It is a pleasure to serve under your chairmanship, Mr Hood. I was also going to say that it was a pleasure to be in the company of so many Members who had participated in Finance Bill Committees during this Parliament, but one by one they have disappeared from the Chamber—even Charlie Elphicke, who has been one of the most assiduous Committee members—which is a shame as I was looking forward to hearing the usually very robust views they express, when we are upstairs in Committee at least. Presumably they have something else on their mind today.
The period we are in, which spans one VAT increase to possibly another, is a very interesting one. One of the things that the Government are trying to say—interestingly, some of the other parties are trying to say the same—is that there is no difference between the policies of the Government and the Opposition and that we would all have to make the same decisions. However, the Institute for Fiscal Studies has clearly stated that there is a huge difference between the forward plans of the Government and those of the Opposition. Our policies involve a different attitude towards spending cuts and tax increases in order to reduce the deficit over a period. That is what we said back in 2010; we were clear that we would be following a different pathway. We were not deficit deniers, as was sometimes suggested, but we were clear that we had a different view on how this could best be handled and that there would therefore be fairness in our measures. That remains the case because, prior to the Budget, the IFS said that, given our forward plans and taxation proposals, in contrast to the £55 billion of spending cuts the Conservatives would have to find, the Labour Opposition would be looking to make only £4 billion of spending cuts. More recently the IFS has said that in order to carry out our plans we would not need to make any further spending cuts in the forthcoming Government. So that is a very big difference in our policies. From that point of view, we are in a position to say not just that we would not increase VAT, but that we have a different and much fairer road to go down.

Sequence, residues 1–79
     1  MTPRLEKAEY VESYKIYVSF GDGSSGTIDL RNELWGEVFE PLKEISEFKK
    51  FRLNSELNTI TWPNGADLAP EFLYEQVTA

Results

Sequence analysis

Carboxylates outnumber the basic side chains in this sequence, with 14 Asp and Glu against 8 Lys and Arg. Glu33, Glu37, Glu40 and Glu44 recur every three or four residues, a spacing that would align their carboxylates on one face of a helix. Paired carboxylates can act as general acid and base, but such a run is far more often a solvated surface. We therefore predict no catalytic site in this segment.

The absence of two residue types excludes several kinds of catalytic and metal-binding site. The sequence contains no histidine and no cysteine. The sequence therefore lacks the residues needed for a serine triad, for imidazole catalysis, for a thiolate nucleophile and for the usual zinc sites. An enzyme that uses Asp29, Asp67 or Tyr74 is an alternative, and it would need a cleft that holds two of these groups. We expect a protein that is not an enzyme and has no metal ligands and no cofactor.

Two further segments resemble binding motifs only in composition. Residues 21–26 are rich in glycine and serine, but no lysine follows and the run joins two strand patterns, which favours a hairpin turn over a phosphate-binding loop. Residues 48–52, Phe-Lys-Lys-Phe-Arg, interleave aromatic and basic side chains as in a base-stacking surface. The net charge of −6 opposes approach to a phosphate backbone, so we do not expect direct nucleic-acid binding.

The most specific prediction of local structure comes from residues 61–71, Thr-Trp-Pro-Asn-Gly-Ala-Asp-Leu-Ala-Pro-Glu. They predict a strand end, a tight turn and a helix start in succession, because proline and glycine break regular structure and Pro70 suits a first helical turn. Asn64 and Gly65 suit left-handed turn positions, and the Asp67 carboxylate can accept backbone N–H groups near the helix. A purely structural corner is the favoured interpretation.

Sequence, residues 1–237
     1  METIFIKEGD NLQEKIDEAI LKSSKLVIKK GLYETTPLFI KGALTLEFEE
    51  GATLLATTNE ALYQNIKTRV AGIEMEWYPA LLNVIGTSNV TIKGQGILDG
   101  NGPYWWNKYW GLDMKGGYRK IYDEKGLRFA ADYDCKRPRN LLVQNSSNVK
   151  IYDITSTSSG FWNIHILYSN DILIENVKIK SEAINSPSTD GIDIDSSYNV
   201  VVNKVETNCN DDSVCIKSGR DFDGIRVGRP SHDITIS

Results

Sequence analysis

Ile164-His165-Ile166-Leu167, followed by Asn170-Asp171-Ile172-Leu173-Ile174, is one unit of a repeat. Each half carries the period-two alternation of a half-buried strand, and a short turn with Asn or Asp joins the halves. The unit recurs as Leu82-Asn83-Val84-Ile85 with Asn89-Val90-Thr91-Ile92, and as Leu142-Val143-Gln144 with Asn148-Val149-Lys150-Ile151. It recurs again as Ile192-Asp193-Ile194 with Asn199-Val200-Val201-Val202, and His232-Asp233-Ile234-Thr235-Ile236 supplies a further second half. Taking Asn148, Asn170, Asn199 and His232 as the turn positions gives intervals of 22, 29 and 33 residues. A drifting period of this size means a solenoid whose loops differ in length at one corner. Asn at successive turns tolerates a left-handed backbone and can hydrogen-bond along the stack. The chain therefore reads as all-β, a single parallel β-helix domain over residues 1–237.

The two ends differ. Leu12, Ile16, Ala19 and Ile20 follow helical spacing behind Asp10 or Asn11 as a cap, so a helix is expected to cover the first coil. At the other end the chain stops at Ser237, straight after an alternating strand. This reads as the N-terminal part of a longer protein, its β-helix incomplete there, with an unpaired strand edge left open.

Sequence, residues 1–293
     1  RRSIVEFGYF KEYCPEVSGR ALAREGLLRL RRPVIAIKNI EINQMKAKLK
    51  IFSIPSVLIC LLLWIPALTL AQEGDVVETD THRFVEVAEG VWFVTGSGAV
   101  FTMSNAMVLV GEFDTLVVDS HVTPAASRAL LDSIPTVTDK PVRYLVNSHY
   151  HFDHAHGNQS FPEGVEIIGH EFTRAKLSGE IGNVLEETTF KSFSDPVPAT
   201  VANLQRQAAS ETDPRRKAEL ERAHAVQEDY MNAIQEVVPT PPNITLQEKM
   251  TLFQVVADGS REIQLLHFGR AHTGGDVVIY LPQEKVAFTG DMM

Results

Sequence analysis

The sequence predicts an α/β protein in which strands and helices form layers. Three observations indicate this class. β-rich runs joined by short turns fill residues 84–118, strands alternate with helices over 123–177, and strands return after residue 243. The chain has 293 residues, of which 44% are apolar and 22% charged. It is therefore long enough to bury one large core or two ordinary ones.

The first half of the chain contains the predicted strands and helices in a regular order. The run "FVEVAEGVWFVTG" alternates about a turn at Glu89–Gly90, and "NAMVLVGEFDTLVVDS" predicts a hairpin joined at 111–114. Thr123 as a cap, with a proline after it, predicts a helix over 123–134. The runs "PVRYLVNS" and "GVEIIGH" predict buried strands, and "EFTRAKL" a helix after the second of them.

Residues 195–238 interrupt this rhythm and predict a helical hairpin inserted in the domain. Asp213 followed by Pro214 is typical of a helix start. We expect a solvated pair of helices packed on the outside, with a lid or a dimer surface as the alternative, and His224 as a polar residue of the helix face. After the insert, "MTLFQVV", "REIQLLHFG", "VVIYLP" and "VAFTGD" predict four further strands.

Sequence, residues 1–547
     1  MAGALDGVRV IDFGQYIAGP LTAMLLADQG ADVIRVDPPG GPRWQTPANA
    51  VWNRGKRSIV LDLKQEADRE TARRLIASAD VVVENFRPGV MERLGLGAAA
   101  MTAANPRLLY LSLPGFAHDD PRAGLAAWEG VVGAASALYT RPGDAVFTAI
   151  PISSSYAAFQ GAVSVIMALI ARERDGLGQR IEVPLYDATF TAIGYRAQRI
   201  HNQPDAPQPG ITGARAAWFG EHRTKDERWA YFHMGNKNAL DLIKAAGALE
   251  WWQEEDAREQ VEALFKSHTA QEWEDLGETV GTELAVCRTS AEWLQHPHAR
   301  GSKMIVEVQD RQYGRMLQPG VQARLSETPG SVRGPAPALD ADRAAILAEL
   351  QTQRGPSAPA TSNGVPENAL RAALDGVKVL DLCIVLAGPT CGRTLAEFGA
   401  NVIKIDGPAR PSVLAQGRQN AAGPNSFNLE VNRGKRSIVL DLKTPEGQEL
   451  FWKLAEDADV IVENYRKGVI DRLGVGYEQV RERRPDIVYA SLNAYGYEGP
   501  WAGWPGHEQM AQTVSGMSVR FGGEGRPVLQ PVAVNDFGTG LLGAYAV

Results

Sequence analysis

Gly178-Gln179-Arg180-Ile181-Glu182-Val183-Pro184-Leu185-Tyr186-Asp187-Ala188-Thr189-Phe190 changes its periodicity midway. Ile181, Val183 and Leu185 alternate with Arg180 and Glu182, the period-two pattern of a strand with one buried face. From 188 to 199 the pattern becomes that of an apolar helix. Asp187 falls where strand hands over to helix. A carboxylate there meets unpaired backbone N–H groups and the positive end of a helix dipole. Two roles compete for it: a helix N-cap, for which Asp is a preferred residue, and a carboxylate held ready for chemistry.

It is right for us to ask what the Government—whether the coalition or the Conservative party; it is not always clear—would be doing. Not only have they said that they need to find those spending cuts to carry out their deficit reduction proposals, but they have also suggested further tax reductions through the continued raising of the tax threshold. At no time since that announcement was made by the Prime Minister at the Conservative party conference has there been any clarity as to where that money would be coming from. So not only are they clearly tied to making substantial departmental spending cuts, but they have not shown us how they are going to close this financial gap. That is why people are saying, “We think it’s going to be VAT.” It is hard to tell where else it might come from. Of course, if it is coming from somewhere else, we would expect that to be said. So the Prime Minister stands up and says, “Oh no, we won’t be increasing VAT,” but the other half of that statement has not been made. We do not know how he is going to square this circle.